If you have Uber, you have rideshare. And if you then throw in the mix of flying cars, the transportation space is all of a sudden infinite in your ability to get from point A to point B. No matter where it is, it’s boundless.
So where will it start? I think it may start off with manual or semi-autonomous flying vehicles that have a person in it, and ultimately it’s going to go to fully autonomous. But it’s going to take time because of safety.
Whether it be a vehicle with a person in it, a human delivery vehicle or a truck that is delivering parcels or groceries, it’s not obvious where it would start. It is more logical, from a safety perspective, to say that the real driver of the market is probably going to be package delivery.
If you continue to do early transportation missions flawlessly without incident, they will all contribute to making both human powered and non-human powered transportation possible.
Companies such as Terrafugia are working to decide how their autonomous flying cars will interact with cars that stay on the road, as well as the road itself.
My final thoughts on autonomous flying cars
Mobility as a service based on conventional human driven cars has impacted many of our lives in a positive way through greater convenience and lower cost. As autonomy is added, these benefits should increase.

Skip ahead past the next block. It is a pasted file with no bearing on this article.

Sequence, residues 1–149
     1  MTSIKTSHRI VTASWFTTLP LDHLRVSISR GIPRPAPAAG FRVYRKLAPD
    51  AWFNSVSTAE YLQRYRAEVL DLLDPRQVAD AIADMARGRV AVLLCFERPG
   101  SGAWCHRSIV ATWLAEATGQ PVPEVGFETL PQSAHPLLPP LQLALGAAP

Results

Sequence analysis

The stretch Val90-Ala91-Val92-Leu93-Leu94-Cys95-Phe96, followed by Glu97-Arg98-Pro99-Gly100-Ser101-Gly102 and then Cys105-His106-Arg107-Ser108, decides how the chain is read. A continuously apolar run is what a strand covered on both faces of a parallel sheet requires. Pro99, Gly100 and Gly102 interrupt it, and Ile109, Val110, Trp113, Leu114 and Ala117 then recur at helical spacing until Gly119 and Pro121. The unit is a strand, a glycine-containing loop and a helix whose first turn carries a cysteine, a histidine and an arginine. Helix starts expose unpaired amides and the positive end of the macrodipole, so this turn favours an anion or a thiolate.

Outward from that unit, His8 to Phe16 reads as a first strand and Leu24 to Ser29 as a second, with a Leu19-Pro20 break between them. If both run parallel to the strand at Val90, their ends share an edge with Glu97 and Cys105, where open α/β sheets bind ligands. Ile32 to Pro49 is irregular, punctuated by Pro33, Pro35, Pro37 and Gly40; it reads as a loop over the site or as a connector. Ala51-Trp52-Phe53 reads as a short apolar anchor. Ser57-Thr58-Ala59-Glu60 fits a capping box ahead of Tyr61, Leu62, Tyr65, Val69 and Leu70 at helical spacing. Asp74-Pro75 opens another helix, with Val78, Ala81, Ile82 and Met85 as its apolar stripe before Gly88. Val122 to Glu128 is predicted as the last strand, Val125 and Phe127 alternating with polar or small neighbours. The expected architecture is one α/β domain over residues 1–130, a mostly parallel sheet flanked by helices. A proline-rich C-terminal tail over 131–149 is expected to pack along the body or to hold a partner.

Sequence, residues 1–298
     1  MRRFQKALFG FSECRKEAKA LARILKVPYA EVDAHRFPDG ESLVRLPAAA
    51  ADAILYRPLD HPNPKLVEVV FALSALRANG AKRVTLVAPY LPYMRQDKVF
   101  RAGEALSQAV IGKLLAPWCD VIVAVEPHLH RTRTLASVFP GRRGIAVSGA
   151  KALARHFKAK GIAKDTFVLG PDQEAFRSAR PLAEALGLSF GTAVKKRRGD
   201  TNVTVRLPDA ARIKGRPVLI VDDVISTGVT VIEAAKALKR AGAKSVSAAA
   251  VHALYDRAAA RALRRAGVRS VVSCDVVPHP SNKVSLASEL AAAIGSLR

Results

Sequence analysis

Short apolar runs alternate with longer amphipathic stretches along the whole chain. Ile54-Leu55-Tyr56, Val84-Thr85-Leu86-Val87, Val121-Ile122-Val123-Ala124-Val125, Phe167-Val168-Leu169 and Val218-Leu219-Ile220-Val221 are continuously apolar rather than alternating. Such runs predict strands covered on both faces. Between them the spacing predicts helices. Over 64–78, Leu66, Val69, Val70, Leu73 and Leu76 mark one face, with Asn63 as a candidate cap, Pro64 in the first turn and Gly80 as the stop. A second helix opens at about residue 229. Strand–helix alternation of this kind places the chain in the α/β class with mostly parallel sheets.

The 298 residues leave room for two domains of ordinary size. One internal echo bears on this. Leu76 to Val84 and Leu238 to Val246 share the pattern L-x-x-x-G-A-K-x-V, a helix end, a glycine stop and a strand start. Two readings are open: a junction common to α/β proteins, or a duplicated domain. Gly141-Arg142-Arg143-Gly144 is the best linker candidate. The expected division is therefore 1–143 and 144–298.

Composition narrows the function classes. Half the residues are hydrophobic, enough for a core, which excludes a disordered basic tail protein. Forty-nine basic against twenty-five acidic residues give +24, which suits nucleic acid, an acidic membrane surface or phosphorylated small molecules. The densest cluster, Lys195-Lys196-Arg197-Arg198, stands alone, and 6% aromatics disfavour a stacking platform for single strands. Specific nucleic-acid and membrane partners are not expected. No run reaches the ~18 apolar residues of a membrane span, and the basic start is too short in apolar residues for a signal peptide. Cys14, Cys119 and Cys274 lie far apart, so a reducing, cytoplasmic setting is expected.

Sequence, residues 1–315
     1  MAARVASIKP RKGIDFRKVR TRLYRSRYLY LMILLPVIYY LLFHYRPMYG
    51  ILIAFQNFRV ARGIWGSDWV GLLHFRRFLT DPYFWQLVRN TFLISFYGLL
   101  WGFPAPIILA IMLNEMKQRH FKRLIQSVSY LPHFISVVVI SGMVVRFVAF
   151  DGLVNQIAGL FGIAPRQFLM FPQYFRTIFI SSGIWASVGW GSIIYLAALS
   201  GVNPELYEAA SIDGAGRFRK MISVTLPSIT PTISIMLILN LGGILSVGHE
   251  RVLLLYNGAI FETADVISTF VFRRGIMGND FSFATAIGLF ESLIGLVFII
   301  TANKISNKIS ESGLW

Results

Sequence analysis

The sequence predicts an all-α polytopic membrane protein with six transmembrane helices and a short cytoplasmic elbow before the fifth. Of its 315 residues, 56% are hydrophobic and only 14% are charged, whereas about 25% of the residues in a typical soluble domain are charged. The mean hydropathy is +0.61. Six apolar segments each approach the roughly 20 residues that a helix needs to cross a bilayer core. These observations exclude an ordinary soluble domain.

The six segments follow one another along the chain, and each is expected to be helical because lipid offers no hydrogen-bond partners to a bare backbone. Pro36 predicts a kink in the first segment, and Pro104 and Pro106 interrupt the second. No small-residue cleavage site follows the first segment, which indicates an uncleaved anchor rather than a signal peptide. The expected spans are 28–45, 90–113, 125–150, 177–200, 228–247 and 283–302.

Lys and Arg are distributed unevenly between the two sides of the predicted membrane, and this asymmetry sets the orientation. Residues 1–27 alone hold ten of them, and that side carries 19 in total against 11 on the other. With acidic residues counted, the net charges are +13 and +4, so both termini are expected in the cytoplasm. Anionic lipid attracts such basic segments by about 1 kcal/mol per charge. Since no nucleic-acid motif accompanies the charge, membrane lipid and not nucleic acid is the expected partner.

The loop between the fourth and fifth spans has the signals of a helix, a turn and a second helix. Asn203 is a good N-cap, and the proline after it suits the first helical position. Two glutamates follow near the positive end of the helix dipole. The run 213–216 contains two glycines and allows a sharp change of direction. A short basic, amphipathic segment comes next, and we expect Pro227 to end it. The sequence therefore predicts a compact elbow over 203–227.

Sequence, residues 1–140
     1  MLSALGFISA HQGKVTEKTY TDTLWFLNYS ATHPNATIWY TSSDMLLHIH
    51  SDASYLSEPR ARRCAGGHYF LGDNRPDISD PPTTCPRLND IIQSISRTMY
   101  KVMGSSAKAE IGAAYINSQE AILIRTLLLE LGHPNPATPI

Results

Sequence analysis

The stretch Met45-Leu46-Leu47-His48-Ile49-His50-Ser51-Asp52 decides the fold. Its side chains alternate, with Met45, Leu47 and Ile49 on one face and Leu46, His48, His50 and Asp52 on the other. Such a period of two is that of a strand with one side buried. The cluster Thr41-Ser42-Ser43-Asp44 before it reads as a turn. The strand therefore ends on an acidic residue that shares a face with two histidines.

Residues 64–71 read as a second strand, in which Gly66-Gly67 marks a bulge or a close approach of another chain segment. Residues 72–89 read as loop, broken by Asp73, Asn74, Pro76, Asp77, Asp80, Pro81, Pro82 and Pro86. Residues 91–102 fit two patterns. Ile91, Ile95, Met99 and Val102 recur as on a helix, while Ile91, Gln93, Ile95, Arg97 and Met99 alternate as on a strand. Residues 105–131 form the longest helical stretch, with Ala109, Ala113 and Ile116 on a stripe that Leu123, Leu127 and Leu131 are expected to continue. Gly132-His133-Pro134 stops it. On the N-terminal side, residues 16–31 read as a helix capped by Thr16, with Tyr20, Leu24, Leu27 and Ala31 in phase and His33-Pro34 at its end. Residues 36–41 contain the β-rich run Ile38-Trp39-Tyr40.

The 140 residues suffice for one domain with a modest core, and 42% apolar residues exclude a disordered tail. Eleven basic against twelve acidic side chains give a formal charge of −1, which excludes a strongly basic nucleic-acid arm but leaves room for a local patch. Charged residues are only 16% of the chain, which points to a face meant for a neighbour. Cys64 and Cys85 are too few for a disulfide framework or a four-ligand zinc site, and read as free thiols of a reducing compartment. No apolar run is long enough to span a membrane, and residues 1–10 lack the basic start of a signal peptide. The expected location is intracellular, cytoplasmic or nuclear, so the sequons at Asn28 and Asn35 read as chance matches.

The future holds the possibility that your smartphone enters start and finish destinations, and it won’t just be a few miles apart: it could even be across a country – or the globe. What’s the best combination of car, train, plane, boat and bike to get you from point A to point B? And that’s not all. Which combination will cost the least? Which combination will take the least time? Which combination will offer you the best sightseeing?
These are just a few questions autonomous flying cars can offer to your own custom combination. Certainly, these flying cars will pay a role when the robot drivers of the sky open up a myriad of new possibilities to move ourselves, and the goods we need, from place to place.
This concludes my series on autonomous flying cars. Special thanks to John Bourneuf for taking the time to speak with me and share his experiences.
About the author Edward Bernardon is vice president of strategic automotive initiatives for the Specialized Engineering Software business segment of Siemens PLM Software, a business unit of the Siemens Industry Automation Division. Bernardon joined the company when Siemens acquired Vistagy, Inc. in December, 2011. During his 17 year tenure with Vistagy, Bernardon assumed the roles of vice president of sales, and later business development for all specialized engineering software products. Prior to Vistagy, Bernardon directed the Automation and Design Technology Group at the Charles Stark Draper Laboratory, formerly the Massachusetts Institute of Technology (MIT) Instrumentation Laboratory, which developed new manufacturing processes, automated equipment and complementary design software tools. Bernardon received an engineering degree in mechanical engineering from Purdue University, and later received an M.S. from the Massachusetts Institute of Technology and an MBA from Butler University. He also holds numerous patents in the area of automated manufacturing systems, robotics and laser technologies.